This August I was lucky enough to pack my bags and head across the land to rural Victoria. Lancefield to be exact. I was heading to SexRurality 2017, a small but vibrant conference put on by the University of Melbourne’s Centre for Excellence in Rural Sexual Health. As a rural-based PhD candidate, researching how to improve the coordination of sexual health interventions in small rural towns – I’d struggle to find a more relevant conference.
I arrived in Victoria tired, excited and unsure what to make of this conference. I’d followed the 2015 instalment via Twitter and had liked what I had seen. This conference is primarily pitched at workers, researchers and educators in rural Victoria – I was unsure how relevant I would be to them, and what would be made of my presentation. Getting away to Lancefield was the culmination of an absolutely desperate couple of weeks – busy family life, hectic work and a few curve-balls thrown in along the way. Funding my trip was a stressful challenge – as a PhD student that has the privilege of undertaking my research sans scholarship (APA or otherwise), I found myself in the position that my School would fund my trip – provided I was presenting. Except abstract acceptance took a little while. They would also fund certain things upfront, others I would need to claim reimbursement. After a fragile few weeks that bordered on financial ruin, my abstracts were accepted, money flowed where it needed and I was buckling my seatbelt and stowing my hand luggage.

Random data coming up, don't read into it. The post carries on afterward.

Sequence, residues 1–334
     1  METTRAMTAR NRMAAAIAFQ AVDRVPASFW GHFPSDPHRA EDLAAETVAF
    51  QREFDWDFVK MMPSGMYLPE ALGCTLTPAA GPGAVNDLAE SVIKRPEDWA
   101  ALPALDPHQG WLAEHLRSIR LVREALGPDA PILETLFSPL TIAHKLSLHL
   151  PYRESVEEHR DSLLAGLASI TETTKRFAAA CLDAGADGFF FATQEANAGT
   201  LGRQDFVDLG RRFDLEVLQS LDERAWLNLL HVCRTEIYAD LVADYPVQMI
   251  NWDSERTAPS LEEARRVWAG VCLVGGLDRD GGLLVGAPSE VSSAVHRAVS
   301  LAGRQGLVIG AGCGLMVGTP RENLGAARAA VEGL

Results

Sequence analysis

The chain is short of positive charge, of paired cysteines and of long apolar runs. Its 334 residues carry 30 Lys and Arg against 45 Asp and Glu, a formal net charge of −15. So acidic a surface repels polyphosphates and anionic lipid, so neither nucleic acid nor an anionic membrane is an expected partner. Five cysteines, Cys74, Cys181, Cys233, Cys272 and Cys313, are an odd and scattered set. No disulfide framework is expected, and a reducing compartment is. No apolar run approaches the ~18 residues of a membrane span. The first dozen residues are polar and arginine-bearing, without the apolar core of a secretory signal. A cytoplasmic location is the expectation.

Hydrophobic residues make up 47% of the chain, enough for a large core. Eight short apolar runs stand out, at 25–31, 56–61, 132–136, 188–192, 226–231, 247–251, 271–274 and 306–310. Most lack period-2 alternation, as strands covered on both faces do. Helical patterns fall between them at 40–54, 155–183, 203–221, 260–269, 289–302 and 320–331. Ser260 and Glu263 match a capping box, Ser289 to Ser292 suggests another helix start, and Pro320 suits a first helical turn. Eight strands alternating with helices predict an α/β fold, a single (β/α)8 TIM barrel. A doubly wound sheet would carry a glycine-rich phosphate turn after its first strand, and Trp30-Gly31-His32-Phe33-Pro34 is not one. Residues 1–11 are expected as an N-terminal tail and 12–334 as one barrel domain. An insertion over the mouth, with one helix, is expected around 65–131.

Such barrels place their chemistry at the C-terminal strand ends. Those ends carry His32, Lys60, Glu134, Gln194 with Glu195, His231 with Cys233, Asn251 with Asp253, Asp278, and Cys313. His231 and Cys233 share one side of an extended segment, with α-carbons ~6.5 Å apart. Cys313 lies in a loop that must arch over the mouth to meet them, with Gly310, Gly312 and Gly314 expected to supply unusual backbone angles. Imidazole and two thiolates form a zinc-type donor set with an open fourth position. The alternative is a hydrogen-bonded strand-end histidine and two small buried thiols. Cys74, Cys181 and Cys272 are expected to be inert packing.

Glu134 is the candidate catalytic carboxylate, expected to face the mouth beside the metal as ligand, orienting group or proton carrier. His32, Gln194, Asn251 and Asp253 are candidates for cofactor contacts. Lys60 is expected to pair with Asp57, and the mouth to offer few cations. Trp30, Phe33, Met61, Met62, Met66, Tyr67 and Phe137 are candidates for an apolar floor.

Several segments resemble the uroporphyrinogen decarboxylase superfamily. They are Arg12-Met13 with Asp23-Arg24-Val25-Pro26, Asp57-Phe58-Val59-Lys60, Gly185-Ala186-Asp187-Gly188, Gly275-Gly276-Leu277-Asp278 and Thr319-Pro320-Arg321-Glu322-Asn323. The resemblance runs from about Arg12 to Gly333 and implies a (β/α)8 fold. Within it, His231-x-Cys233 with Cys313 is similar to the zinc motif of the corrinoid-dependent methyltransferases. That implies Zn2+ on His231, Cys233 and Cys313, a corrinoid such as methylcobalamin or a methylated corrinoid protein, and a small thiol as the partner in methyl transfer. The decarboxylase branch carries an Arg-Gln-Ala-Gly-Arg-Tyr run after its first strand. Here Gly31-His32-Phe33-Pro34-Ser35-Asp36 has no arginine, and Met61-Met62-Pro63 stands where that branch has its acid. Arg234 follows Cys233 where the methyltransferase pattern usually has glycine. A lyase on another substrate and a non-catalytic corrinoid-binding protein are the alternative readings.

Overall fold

Lancefield seemed nice. Nestled near the Macedon Ranges, it is a tiny country town, with a quiet main street. I wandered around the afternoon before the conference trying to get a feel for the place. It was so close to Melbourne (75kms), but felt so far at the same time. It was, thankfully close enough that coffee in the local cafe was good and cheap! SexRurality was being held at a winery conference venue. It was going to be a tough few days.